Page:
While we could never truly unravel the legitimacy of this legend for now, we do however know that coffee originated from Ethiopia which holds very good reason why coffee ceremonies are held in such high esteem here. I, for one, have stopped drinking instant coffee ever since I had my first cup of Ethiopian coffee. It is really the best!
In terms of nature and wildlife, Kenya and Tanzania may be the preferred destinations for safari and national parks; Ethiopia is an ornithologist’s dream as it is the habitat of eight out of ten endemic birds of Africa. It is also the home to the endemic Gelada Baboon, Ethiopian wolf, and the Mountain Nyala.
The other aspect of Ethiopia’s uniqueness is the Ethiopians themselves. Ethiopian beauty is no stranger to many people especially those who are fashion savvy. Gracing the covers of many top fashion magazines and Paris and New York haute couture catwalks is Ethiopian supermodel Liya Kebede and she is not the only Ethiopian woman blessed with such good looks, bone structure and physique. Ethiopians do have a different genetic makeup from the rest of Africa, with the exception of some Eastern African countries like Somalia and Sudan. They have lighter skin tones, higher cheek bones, finer facial features and often lanky.
This does not mean that Ethiopian women take their looks for granted. In Addis Ababa itself, it is easy to spot hair and beauty parlours even in the most remote of alleys where local women sit religiously for hours maintaining or changing their often intricate hairstyles on a weekly basis.
Next week: Part II – The faces, sound and smell of Addis Ababa and how a second tai-tai with her photo camera and assortment of lens come into the picture.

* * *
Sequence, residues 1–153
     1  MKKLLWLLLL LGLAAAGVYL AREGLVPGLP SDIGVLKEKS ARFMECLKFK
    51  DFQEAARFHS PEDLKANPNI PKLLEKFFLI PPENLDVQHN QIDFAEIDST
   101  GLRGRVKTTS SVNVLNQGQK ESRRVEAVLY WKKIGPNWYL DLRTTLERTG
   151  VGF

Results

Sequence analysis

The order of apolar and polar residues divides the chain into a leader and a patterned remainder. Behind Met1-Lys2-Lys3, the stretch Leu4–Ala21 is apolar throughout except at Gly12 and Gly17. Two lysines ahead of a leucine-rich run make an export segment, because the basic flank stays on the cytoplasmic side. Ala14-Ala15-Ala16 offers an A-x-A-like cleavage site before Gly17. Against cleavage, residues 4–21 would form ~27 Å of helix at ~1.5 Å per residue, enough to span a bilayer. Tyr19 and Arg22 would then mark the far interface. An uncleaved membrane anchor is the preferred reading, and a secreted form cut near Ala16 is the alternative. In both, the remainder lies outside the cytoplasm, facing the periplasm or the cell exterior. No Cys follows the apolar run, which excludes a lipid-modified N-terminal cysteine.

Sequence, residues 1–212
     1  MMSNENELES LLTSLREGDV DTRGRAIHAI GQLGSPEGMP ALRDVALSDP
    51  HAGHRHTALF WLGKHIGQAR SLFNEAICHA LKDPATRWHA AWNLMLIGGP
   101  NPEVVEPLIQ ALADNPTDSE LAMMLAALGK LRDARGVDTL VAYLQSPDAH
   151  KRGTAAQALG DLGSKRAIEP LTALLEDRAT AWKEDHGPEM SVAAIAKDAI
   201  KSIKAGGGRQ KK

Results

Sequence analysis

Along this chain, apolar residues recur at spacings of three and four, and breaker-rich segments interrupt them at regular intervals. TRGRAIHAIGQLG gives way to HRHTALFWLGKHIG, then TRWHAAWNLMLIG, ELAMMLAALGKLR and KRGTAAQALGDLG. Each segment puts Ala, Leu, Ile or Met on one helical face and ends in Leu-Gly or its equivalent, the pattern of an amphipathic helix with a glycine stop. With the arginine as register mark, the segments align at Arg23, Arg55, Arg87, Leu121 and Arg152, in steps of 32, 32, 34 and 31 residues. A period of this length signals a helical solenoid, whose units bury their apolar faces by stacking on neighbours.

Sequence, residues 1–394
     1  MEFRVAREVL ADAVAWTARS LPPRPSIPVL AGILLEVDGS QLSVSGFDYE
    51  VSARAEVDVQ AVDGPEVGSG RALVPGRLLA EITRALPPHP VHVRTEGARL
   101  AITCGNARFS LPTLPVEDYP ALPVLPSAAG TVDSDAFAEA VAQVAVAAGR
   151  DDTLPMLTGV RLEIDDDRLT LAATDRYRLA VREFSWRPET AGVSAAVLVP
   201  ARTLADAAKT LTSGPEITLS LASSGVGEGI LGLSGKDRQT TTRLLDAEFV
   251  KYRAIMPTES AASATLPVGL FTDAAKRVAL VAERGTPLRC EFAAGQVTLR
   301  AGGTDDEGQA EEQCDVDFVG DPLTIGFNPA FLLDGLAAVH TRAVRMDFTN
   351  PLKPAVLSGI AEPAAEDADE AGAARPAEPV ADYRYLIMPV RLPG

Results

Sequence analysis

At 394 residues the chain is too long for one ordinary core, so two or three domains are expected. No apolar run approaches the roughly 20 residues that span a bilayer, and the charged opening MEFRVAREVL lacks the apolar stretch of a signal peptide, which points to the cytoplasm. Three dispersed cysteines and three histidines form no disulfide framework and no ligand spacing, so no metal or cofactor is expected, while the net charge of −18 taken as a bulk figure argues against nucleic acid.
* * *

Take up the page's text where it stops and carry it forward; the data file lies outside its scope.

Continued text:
Ka Ea used to be a globe trotter. She has lived in Timor Leste and Afghanistan while working as a civic education and human rights officers for the United Nations. She then tried to be a full time housewife in Ethiopia and Cambodia but failed miserably. Now, she works with lawyers and human rights activists by day and watches Discovery Travel & Living by night. She writes for The Malaysian Insider during her dwindling free time. She longs for the day when someone would pay her to travel, eat and write.
Irada Humbatova was born in Azerbaijan’s capital Baku on 12 July 1974. She trained and worked as a midwife from 1994 to 1997, later assisting the International Federation of the Red Cross/Red Crescent with maternal health work by training and supporting traditional birth attendants in rural areas. Since then she has followed her husband on Red Cross missions around the world, developing her love for photography into a passion and profession. Inspired by Africa’s immense beauty and its people’s suffering she moved from art photography to photojournalism. She has since grown to become Reuters’ stringer for Ethiopia and work on assignments for other news outlets and magazines. Irada is currently back in Baku continuing her work with Reuters.